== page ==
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No, You Won’t Get Sick From Smoking Old Pot

That old weed in the bottom of your drawer didn’t go bad, but it’s probably not as good anymore.

As one might expect, the internet hasn’t quite managed to come to an agreement on whether or not old weed is bad for you, whether it loses potency, or even if decades-old jazz cabbage can get you just as high as it would have back then. And even bonafide science on the effects and uses of the devil’s lettuce and its active ingredient, THC, is startlingly unreliable.

So for anyone who goes through the pockets of their old jeans or finds a crumpled plastic bag from god-knows-when hidden in their sock drawer, an attempt to find reliable advice on whether to pitch or smoke their old stash is like navigating a really relaxing minefield of conflicting information.

The good news is that they probably don’t need to worry about it.

The bad news is that unless they happened to store their broccoli under ideal conditions — in a sealed glass jar stored in a dark, temperature-controlled room — they probably won’t have much fun smoking it.

Old weed can’t spoil like expired milk or cheese — smoking it won’t make you sick. But that also means you can’t always tell off the bat whether it’s still any good.

One thing to look out for is whether the weed has lost its scent. Pot is a plant, so even if it doesn’t go bad, it does degrade over time. Good weed smells like weed or, if you’re in college, that skunk that keeps getting into the crawl space of your dorm. Older weed loses its scent as aromatic terpene oils drop in potency and the THC slowly degrades. Also, it will crumble in your hands.

On the other hand, if you accidentally left your stash somewhere damp, it may have grown some mold or fungus. If you see little white spots or you smell anything other than weed on your weed, throw it out. Old pot won’t hurt you, but mold will make you pretty damn sick.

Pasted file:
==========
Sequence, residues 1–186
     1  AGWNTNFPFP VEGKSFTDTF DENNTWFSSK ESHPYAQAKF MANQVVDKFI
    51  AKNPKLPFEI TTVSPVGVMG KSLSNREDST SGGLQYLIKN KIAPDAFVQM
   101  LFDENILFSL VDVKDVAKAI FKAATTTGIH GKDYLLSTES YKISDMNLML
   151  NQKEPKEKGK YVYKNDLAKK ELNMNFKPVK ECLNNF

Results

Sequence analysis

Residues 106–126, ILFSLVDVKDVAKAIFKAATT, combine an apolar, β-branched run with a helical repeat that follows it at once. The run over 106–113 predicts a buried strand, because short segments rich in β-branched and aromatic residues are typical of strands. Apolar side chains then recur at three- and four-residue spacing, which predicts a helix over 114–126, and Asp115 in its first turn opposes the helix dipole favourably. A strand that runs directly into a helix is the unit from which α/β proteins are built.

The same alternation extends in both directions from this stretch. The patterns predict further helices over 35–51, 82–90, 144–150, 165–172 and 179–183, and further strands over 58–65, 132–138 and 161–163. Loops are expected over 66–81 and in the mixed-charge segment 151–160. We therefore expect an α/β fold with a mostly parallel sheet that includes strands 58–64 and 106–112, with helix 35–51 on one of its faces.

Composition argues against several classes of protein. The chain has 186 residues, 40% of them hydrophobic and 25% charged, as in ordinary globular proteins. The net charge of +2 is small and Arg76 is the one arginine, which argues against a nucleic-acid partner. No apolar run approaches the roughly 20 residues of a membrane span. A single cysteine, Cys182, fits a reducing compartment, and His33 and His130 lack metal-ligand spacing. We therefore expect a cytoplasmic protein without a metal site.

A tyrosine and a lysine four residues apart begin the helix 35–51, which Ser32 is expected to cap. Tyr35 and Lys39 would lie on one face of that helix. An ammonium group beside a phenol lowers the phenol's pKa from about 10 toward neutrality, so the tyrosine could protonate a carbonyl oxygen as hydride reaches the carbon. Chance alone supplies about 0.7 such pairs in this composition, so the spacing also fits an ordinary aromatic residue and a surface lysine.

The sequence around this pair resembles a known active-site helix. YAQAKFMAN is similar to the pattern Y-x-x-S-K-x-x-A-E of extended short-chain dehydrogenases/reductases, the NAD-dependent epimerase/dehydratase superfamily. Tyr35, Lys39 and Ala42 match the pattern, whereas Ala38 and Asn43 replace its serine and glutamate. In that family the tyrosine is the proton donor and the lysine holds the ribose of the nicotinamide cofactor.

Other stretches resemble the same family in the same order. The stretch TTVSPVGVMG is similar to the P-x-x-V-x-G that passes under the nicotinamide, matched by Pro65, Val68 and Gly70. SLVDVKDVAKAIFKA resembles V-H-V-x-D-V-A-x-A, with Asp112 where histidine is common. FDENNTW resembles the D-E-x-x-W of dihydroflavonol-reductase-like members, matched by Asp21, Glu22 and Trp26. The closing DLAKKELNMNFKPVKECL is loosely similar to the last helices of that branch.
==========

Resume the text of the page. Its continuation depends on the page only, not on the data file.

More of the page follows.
Old edibles, however, are a different story. If you baked your pot into some brownies a few months ago and forgot about them in the back of your fridge, you should probably steer clear. There’s nothing special about old weed that you baked into brownies or other food.

But get this, food goes bad after a while.

So as far as getting high goes, you should treat your expired edibles like any other weed, though if it’s been in your fridge the whole time the THC might not have broken down as rapidly. The only thing to watch out for is if whatever you concocted has gone bad as well.

For what it’s worth, you can avoid this whole mess by just not leaving leftovers.

That old weed in the bottom of your drawer didn’t go bad, but it’s probably not as good anymore.

What to Do with Old Weed Discovered After Years?

It’s time to answer the question, once and for all, what happens to old weed after years in less-than-ideal storage? This post from Marijuana.com found out what happens to marijuana after 5 years of storage!

We’ve all had one of those moments where you’re cleaning out the couch cushions or rummaging through the junk drawer and all of a sudden, you stumble across a glorious sight — old weed you had lost or forgotten about. But typically, the color has faded away and the bud has lost its bling, which causes you to second-guess throwing it in your piece. Luckily, Marijuana.com is here to settle your worries.

As you may already know, Weedmaps TV’s Gil (one of the media pioneers of this industry) has been conducting strain reviews since 2010. We were able to track down some of his “stunt weed” ganja — sweet, succulent, sun-grown cannabis that was harvested in the fall of 2012 and has been sitting in a jar on the WMtv set ever since. While the cannabis had bright spotlights shone on it for the last five years, the seal of the mason jar had never been opened…